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Bakehouse Aerial - Drone Filming in the UK, based in Yorkshire

How do you find the right drone operator when there are 4500 to choose from?


As of July 2018 there are approximately 4,500 CAA licensed drone operators in the UK – so finding someone to film your next batch of aerial footage should be easy, right?

Well, maybe not. There are lots of things that you need to look out for, so here’s my completely biased guide to finding a drone crew. We’re commercial drone operators, so the caveat here is: Do your own researchThat said, here we go:

What does “CAA approved” (or PfAW, PfCO, CAA licensed, licensed drone operator…) really mean?


The CAA don’t license anyone. They offer a ‘Permission for Commercial Operation’ (PfCO). The PfCO is a document that allows people to charge for their drone work, it also gives certain exemptions to the main law (the Air Navigation Order). That is all a PfCO is.

The CAA PfCO process involves:

  • Attending a ground school for a few class room sessions.
  • Writing an operations manual.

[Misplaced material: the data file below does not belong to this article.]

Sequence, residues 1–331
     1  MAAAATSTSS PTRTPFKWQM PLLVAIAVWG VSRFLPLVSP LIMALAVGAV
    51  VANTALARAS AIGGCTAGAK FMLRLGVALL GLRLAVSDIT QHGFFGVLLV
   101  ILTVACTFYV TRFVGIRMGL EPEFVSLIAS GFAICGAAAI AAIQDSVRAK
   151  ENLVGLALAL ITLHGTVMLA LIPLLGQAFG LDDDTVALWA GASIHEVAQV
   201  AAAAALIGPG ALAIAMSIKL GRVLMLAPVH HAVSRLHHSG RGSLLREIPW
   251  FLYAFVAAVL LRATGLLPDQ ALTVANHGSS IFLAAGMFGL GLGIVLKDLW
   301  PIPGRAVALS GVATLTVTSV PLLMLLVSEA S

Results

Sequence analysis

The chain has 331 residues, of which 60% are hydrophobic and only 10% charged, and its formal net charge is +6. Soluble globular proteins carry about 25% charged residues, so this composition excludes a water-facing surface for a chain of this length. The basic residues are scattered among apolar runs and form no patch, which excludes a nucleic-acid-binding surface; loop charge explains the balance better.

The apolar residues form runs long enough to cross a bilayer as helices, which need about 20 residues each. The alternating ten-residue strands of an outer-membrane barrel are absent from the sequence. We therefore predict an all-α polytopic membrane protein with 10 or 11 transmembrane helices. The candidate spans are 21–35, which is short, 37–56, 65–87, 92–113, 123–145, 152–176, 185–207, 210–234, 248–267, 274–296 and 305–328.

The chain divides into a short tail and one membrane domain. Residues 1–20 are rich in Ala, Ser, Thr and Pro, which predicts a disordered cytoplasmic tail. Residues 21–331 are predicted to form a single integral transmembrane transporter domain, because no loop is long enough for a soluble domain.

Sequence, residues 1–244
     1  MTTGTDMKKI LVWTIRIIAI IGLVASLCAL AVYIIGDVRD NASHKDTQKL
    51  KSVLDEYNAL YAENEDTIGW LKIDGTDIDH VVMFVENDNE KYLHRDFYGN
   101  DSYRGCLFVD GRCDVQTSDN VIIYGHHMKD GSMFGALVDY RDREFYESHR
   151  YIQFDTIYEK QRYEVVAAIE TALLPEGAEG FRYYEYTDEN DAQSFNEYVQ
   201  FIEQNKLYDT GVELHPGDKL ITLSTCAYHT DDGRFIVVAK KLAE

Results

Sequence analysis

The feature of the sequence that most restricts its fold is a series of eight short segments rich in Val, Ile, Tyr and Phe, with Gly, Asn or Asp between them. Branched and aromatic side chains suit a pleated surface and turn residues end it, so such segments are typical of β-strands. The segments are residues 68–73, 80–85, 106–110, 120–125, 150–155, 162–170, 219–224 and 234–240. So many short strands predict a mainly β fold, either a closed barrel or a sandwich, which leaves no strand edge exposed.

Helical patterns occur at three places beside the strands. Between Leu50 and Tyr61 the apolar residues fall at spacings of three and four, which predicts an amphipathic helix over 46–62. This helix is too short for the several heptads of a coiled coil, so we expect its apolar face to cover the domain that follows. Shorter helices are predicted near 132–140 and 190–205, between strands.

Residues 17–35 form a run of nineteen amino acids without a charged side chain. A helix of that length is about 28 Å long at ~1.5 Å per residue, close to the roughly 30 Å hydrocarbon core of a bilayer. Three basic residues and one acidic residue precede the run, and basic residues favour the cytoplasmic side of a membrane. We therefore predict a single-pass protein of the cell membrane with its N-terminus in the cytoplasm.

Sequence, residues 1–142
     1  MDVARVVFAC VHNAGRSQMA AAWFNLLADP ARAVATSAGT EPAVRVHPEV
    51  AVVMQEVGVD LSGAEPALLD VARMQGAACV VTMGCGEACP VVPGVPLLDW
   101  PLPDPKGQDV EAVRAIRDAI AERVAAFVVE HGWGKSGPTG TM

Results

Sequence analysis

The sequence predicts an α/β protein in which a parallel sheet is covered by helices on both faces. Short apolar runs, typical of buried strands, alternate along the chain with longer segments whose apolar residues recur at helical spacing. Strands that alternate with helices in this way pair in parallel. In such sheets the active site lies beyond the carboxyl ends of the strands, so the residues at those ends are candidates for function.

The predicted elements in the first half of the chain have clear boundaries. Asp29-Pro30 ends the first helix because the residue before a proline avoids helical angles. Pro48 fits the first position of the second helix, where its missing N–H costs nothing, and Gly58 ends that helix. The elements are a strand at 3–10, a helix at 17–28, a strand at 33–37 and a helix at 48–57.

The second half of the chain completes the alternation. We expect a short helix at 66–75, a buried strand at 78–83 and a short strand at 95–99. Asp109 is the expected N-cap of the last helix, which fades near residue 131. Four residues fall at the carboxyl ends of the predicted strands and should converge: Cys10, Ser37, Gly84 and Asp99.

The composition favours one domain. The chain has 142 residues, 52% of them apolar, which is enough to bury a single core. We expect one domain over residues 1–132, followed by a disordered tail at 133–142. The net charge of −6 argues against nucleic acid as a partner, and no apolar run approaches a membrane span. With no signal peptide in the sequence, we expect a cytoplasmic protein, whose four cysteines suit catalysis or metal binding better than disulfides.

• Having your operations manual checked and approved.
  • Taking a flight test.

The process does NOT involve:

  • Demonstrating that you can operate a camera.
  • Demonstrating that you can frame a shot so that looks good.
  • Demonstrating that you can fly a drone so that the footage looks good.
  • Demonstrating that you can move control the camera as the drone moves.
  • Demonstrating an understanding of any filmmaking techniques.
  • Demonstrating commercial understanding.

BIAS ALERT! We’re filmmakers that have qualified as drone operators. Real film and photography experience is essential! Without knowledge of filmmaking (and knowing what does and doesn’t work) drone shots quickly become boring. Which is bad.

Finding a drone crew with a PfCO probably demonstrates that they understand their safety case, operational procedures, the law and their technical flight capabilities. I say probably because in some cases it doesn’t really mean anything at all.

You don’t have to look very hard to find training companies that will sell prospective drone operators pre-written operations manual (that the pilot doesn’t really understand). Some operators with PfCOs flying in places they shouldn’t, and beyond the safe operating limits of their drones (breaking the law as they go, either due to ignorance or general disregard).